"Being Raised by White People": Navigating Racial Difference Among Adopted Multiracial Adults is one insightful article about cultural identity in adult adoptees who were raised by white parents. This is another interesting article about raising "culturally responsive" black children in white adoptive homes. While this type of information is certainly valuable, most resources on the topic of racial identity in "black" children address raising children of African American descent, not African-born children who are now residing in the US. The difference may sound trivial but African culture is NOT the same as African American culture. To expect African-born children who were adopted at an older age to understand and fit in with the culture of their African American playmates and classmates can be equated to expecting a Ukrainian-born child to identify with white American culture based solely on the color of their skin. And while undoubtedly it is important and necessary to raise our African-born children around others whose skin color resembles their own, it doesn't seem totally correct to expect African children adopted at a younger age to be taught African American culture as their "own", either.
The fact not all blacks share the same culture became painfully clear when we took our daughter to an African American children's dance class a few months after she joined our family. Assuming that she would enjoy being around other children and adults who "looked more like her", we drove to the African American Cultural Center and waited for the class to begin. The other children approached our daughter, introduced themselves and made conversation with her. When the class began, our daughter danced with limited enthusiasm and I could tell by the look on her face that something was wrong. After the class ended, she walked out and in a flat tone said "I don't ever want to come back." Shocked, I asked what had happened. She began to cry. After lots of prying and questions we arrived at the conclusion that she had expected the other children to have more in common with her. As soon as they began speaking and she noticed that they didn't have the same accent as her, that they referenced pop culture icons that she had never heard of, that their music didn't sound like "hers" and that they were more like her white siblings at home than the African classmates that she'd left behind she was sorely disappointed.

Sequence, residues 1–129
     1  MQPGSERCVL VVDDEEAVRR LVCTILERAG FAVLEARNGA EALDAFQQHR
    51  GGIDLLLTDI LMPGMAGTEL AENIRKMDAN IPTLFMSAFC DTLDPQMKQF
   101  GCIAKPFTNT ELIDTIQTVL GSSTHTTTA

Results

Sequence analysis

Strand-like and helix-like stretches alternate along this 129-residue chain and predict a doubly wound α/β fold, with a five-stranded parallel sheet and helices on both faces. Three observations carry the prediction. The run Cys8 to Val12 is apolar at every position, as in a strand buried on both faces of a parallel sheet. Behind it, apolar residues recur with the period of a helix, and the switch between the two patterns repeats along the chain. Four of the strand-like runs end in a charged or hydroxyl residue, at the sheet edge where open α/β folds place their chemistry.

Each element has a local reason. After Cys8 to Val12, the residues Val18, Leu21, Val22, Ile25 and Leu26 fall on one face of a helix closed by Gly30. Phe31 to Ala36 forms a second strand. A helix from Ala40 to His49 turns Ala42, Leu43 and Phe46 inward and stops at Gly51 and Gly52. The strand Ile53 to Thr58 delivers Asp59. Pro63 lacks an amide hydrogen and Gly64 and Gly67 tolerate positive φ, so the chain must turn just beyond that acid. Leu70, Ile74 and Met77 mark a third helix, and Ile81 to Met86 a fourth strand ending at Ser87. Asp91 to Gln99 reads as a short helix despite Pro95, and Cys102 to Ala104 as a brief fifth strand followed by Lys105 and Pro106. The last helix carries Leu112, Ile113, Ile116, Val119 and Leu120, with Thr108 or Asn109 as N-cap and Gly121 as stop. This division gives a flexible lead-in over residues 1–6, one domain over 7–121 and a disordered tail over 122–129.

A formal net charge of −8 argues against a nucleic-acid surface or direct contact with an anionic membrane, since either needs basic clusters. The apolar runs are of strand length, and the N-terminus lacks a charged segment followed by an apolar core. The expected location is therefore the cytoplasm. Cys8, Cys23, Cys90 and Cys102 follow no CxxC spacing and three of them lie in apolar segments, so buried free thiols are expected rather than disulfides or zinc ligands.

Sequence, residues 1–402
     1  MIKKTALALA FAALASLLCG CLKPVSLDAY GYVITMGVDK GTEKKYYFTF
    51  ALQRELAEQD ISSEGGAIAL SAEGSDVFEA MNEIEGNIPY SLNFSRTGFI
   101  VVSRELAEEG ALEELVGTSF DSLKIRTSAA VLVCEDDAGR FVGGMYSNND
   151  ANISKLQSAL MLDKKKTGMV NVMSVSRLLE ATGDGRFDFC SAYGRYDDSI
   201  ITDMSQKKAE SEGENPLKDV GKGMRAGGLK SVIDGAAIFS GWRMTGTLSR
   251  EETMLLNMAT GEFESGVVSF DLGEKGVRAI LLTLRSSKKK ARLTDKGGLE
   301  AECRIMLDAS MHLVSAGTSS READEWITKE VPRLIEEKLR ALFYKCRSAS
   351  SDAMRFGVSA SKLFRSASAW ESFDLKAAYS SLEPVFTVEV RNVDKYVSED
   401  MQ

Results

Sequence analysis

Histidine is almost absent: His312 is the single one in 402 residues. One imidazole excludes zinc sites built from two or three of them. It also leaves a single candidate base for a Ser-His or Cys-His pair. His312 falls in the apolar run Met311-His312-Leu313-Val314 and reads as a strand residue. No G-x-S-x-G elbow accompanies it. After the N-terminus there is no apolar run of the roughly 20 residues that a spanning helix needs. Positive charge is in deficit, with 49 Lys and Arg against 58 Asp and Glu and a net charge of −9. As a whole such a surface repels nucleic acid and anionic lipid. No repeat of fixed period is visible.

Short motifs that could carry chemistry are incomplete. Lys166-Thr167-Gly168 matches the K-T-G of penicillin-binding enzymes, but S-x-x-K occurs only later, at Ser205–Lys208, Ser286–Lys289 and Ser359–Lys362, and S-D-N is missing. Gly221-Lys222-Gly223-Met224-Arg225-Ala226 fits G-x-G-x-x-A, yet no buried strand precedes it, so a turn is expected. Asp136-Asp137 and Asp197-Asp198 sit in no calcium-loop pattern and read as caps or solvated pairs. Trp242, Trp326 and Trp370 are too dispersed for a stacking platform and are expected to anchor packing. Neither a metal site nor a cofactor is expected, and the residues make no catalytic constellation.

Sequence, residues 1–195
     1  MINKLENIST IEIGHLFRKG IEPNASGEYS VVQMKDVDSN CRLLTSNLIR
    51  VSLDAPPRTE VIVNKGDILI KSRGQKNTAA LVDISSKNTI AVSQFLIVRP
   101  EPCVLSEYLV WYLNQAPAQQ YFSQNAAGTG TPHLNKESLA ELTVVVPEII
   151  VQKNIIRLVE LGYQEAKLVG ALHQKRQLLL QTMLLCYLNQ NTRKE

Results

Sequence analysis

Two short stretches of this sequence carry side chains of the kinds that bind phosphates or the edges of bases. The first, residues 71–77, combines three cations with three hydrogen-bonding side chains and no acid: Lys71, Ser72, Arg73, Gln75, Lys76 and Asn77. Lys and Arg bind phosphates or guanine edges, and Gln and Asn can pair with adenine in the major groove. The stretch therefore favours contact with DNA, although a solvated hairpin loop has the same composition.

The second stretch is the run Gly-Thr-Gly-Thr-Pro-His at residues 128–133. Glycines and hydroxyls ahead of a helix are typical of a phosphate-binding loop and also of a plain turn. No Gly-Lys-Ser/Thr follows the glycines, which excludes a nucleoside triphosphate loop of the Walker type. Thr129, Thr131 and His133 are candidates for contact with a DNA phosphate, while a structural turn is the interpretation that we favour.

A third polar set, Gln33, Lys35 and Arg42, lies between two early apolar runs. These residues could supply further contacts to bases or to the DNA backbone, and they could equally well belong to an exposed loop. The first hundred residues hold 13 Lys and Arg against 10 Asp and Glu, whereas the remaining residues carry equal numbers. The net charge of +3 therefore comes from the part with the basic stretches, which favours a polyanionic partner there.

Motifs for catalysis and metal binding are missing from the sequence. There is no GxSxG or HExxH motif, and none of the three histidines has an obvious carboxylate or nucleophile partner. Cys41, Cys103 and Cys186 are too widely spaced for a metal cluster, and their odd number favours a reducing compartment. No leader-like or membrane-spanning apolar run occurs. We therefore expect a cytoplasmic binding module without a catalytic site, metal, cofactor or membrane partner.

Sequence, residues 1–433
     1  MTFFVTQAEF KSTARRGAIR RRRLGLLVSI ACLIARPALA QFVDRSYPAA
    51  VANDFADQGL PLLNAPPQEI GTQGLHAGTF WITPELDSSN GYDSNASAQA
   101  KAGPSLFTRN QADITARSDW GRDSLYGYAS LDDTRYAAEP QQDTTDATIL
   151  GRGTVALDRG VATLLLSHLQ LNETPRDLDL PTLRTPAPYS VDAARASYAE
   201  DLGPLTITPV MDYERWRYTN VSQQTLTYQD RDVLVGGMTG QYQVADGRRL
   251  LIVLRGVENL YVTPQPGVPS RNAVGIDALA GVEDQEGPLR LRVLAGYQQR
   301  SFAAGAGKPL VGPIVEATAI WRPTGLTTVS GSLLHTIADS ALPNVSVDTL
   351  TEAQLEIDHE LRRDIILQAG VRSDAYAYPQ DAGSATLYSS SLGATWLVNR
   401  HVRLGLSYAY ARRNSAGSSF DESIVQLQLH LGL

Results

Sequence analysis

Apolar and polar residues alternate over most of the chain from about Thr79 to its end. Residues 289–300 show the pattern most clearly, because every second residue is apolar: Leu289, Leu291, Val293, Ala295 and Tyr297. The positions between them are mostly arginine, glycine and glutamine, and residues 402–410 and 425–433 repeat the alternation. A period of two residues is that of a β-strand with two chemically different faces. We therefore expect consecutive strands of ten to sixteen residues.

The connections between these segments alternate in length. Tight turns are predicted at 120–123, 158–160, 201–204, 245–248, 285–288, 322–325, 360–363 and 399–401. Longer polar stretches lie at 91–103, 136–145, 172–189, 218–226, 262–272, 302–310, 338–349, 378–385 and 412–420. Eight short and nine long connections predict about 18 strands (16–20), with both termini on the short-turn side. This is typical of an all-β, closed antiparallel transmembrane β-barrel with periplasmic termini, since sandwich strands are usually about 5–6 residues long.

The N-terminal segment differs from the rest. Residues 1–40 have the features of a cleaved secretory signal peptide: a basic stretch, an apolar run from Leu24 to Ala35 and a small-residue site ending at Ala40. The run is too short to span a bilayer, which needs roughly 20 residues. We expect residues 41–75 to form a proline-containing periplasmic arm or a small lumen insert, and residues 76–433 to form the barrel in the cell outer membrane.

We had a similar incident when it came to hair care. In Uganda, nice braids (such as cornrows or box braids) are considered "good hair". Extensions or fancy weaves are considered really nice. Few women relax or straighten their hair on a regular basis. Our daughter had been in our family for less than a month the first time we received a comment about her hair. An African American woman walked up to us in a store and asked when I was going to "do something" to her hair. At the time our daughter's hair was still growing out from having been shaved and was only a few inches long. With hundreds of girls, boarding schools cannot properly maintain all of the girls' hair so it is common for girls in African orphanages and boarding schools to have shaved heads. I had been doing something to her hair- I'd been keeping it clean, detangled and well-hydrated and we planned to have it professionally braided when it grew longer, something our daughter was eagerly anticipating. However, it did not take us long to learn that "good" hair is often considered by many African American women to be chemically-relaxed, straight hair. Here I thought we were doing it right according to the standards of her birth country only to learn that we weren't providing proper hair care according to the standards of many African American women!
Where does this leave us? In a place where either we classify children according to skin color alone and expect them to identify most closely with the cultural group whose shade is most similar to their own or we think outside the box. We raise children in a world that is NOT colorblind and that recognizes all of our similarities but that also celebrates all of our differences. We recognize that skin color is but one part of our identity and that nationality, language, region, family background, religion, personal interests and so much more comprise who we are. We seek out African families from the same country or region living in our community to help teach our children about their culture and background. If possible, we travel back to their birth country together as a family. We support exploration of culture and identity and allow our children to help decide who and what defines them. We encourage them to play, study and learn with and from children of all backgrounds and skin colors. And we understand that there is more than just one shade of black, brown or white when it comes to racial identity.